There are so many different Mythology and Mythological Beings recorded. Some are very popular and well known, others not so much. There are many similar beings, yet different depending on the culture it’s based in. The definition of Myth covers about anything in the Urban Fantasy/Fantasy realm to me.
This week we have:
Fantasy author Rachel Neumeier
Talking of the Griffins.
|Zoological Museum, Copenhagen|
So, why griffins?
Griffins were actually an obvious choice for me. I’m not saying griffins are my favorite mythological creature. I sure don’t have anything against dragons, for example. In fact, dragons appear in two of my own books (The Floating Islands and House of Shadows), though the dragons in each book are certainly very different.
But I’ve always had a soft spot for griffins.
Not because of any particular symbolism associated with griffins, though. I mean, I know that griffins have had all kinds of associations, in all kinds of cultures. Take, for example, the Pisa Griffin. (It’s the same Pisa as the one with the Leaning Tower.) This huge bronze statue may be in Pisa, but it was made by an Islamic sculptor in the 11th Century. Around its chest and body, there’s an Arabic inscription saying: “Perfect benediction, complete wellbeing, perfect joy, eternal peace and perfect health, and happiness and good fortune for the owner." That’s quite a load for one statue to carry, even if it is the largest bronze statue known from that era.
|The Pisa Griffin|
And in European heraldry, griffins are supposed to symbolize strength and valor and nobility. This makes sense, because after all a griffin combines in one creature both the “king of beasts” and the “king of the air.” In his book System of Heraldry (1722), Alexander Nisbet described griffins thus: "The griffin represents wisdom joined to fortitude, but wisdom should lead, and fortitude follow." And – here’s an interesting tidbit – the griffins shown in heraldry are almost all female! Because in European heraldry, only female griffins have wings. Male griffins are instead shown with bursts of spikes, which are supposed to represent the rays of the sun.
But did I know any of this when I wrote The Griffin Mage trilogy? Actually, no. I learned most of it just now, when looking up stuff about mythological creatures for this very post.
When I decided to include griffins in a story of my own, I actually wasn’t of thinking of griffins from a historical or symbolic or heraldic perspective. I was thinking of the griffins I have loved in other people’s stories. The griffins in Diana Wynne Jones’ Year of the Griffin, for example. I love Kit and Callette and Elda and the other griffins in that story!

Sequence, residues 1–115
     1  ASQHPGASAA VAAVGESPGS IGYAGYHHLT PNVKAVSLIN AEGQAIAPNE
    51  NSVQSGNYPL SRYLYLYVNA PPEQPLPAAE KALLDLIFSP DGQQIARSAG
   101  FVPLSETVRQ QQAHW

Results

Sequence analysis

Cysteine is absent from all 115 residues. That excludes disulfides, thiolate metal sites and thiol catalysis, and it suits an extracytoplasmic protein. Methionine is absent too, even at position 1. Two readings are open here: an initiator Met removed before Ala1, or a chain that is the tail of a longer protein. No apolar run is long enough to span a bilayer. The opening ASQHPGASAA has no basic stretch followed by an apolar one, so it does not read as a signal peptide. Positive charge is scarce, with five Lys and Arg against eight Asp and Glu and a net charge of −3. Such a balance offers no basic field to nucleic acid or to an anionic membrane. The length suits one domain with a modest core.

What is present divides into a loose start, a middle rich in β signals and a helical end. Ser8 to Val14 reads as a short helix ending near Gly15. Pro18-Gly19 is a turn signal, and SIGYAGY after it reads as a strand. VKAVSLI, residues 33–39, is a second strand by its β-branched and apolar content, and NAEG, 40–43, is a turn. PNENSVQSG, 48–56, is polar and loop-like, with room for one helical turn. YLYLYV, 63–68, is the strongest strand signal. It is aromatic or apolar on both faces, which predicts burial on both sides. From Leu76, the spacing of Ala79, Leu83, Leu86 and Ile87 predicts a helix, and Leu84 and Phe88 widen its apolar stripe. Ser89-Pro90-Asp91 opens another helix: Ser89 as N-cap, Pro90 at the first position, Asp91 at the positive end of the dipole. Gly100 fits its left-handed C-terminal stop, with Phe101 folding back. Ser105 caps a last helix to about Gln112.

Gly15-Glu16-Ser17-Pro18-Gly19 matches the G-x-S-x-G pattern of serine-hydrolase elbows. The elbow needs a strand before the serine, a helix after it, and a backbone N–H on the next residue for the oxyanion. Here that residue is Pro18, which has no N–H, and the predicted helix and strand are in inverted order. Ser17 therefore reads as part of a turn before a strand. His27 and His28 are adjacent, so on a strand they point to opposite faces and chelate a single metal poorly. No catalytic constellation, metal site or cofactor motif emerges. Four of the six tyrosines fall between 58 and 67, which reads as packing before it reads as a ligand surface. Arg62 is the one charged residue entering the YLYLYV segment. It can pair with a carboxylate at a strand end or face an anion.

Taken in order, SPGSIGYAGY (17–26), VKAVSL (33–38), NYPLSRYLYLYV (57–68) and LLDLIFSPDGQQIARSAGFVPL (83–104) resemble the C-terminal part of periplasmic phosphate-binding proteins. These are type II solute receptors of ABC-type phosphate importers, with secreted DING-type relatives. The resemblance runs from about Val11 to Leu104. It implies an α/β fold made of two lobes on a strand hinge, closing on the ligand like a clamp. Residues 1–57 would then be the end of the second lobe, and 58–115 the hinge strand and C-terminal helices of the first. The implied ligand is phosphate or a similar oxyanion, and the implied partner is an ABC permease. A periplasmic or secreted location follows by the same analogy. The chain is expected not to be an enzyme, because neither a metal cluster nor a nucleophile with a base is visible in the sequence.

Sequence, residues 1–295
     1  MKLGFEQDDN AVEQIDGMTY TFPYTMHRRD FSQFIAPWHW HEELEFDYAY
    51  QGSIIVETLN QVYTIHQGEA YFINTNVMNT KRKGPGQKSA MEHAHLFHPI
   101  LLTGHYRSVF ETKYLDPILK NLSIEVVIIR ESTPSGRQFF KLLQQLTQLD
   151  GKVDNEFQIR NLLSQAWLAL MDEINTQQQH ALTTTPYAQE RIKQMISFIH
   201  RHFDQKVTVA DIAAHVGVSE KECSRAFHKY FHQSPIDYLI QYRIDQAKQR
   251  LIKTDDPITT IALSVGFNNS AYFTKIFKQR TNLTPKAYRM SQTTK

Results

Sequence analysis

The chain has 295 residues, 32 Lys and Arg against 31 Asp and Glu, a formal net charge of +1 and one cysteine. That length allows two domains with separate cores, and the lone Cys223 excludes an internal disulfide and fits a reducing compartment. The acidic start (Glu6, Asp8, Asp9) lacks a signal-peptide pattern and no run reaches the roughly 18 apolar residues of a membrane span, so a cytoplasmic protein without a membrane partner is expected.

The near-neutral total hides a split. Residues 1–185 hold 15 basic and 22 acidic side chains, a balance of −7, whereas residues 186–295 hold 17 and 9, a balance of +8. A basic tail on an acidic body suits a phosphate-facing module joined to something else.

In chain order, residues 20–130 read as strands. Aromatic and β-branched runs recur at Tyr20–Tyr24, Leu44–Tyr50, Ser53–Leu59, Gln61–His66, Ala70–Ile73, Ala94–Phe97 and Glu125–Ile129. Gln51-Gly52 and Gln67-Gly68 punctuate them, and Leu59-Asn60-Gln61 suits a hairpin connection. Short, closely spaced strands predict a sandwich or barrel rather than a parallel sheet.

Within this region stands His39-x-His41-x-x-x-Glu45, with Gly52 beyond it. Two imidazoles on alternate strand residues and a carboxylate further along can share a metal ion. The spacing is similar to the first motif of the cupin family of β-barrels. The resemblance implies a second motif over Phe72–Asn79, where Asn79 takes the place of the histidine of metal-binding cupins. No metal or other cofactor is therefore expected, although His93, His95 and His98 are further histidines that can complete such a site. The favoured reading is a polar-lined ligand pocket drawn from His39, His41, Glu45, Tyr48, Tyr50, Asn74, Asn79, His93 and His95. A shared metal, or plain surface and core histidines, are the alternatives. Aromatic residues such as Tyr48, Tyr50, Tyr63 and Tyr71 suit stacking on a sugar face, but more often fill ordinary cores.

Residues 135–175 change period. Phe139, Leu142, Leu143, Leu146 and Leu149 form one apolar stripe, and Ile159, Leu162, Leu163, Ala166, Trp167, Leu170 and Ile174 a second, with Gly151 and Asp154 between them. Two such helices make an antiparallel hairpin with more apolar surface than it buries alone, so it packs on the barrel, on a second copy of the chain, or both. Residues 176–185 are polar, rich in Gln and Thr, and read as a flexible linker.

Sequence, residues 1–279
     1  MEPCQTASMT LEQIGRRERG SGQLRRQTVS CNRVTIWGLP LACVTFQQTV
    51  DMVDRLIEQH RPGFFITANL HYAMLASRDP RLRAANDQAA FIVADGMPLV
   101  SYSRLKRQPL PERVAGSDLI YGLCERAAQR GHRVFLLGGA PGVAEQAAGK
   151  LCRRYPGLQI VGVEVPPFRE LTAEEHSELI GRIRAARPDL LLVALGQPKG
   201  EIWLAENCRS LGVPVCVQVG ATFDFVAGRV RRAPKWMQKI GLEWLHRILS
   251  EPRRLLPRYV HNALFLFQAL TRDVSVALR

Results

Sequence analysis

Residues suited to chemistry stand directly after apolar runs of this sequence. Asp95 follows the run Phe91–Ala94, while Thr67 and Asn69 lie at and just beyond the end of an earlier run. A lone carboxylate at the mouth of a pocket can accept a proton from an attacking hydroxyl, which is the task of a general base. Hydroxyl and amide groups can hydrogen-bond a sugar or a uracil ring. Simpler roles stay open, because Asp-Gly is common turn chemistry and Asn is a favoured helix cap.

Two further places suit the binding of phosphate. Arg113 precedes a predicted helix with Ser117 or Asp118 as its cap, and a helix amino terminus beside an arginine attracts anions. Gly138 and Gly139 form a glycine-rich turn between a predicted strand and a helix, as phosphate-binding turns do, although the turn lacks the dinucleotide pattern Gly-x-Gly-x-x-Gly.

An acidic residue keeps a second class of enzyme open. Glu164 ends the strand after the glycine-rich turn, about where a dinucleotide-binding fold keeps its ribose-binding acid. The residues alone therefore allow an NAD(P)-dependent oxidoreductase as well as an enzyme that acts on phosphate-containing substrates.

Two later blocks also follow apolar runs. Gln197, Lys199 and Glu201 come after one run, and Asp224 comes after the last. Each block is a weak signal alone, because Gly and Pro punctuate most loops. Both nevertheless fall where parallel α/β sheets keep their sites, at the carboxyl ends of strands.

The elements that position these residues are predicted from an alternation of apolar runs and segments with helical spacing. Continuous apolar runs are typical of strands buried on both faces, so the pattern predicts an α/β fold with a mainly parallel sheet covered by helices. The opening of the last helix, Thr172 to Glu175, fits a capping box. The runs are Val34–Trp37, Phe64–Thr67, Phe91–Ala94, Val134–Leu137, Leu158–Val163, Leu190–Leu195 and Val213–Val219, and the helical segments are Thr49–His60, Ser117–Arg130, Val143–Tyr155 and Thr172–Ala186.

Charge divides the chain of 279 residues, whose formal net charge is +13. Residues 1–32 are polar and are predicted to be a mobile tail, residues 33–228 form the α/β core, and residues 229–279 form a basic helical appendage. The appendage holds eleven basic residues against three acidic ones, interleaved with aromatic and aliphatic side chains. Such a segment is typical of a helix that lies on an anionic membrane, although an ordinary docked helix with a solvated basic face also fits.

Or how about O’Donohoe’s wonderful griffin, Asturiel, from The Magic and the Healing trilogy? Has anybody else read this excellent trilogy? If you haven’t, you’re missing out. Asturiel isn’t the main character, but he’s certainly memorable. He’s a bit rigid and more than a little ruthless – in fact, he reminds me more than a little of Inspector Javert from Les Miserables. But then, I always did sympathize with Inspector Javert. I actually had O’Donohoe’s griffin in mind when I first thought of including griffins in a book of my own, which only goes to show, because of course my griffins are absolutely nothing like Asturiel.
What happened was, I wrote the first couple of paragraphs of Lord of the Changing Winds, and those paragraphs came out more or less this way:
The griffins came to Feierabiand with the early summer warmth, riding the wind out of the heights down to the tender pastures of the foothills. The wind they brought with them was a hard hot wind, with nothing of the gentle Feierabiand summer about it. It tasted of red dust and hot brass.
Kes . . . saw them come: great bronze wings shining in the sun, tawny pelts like molten gold, sunlight striking harshly off beaks and talons. One was a hard shining white, one red as the coals at the heart of a fire. The griffins rode their wind like soaring eagles, wings outstretched and still. The sky took on a fierce metallic tone as they passed. They turned around the shoulder of the mountain and disappeared, one and then another and another, until they had all passed out of sight. Behind them, the sky softened slowly to its accustomed gentle blue.
And this was completely unexpected. I’m serious. I honestly had no idea I was going to make griffins into creatures of fire until, check it out, there they are bringing a desert with them into the ordinary countryside. Who knew?
But I liked the idea at once. I didn’t just keep it, I ran with it. Right away it was obvious that if griffins were going to be creatures of fire, this could set them up as different from ordinary human people, who I immediately decided were creatures of earth. And if griffins were going to be different from humans, I decided I’d make them different – different not only physically and in the magic they use, but also psychologically. Though I hope readers will enjoy my griffins, and sympathize with them, and more or less kind of understand them, my griffins aren’t human – and from that difference arises the underlying conflict that drives the whole griffin trilogy.
Could I have used dragons instead of griffins? Of course . But everybody who reads fantasy has already got a favorite dragon, isn’t that right? Or at the very least a clear picture of what a proper dragon ought to be like, whether a dangerous monster, or basically a regular person, or a wonderful plot device. We already know plenty about dragons. But griffins don’t come with such firmly attached images or associations. I had fun taking a less well-known mythological creature off in a direction even I couldn’t predict. And I hope my readers have fun with that, too!
You can find Rachel Neumeier:
Blog: Rachel Neumeier
You can now find the complete The Griffin Mage Trilogy in one neat book:
Or you can purchase each book separately: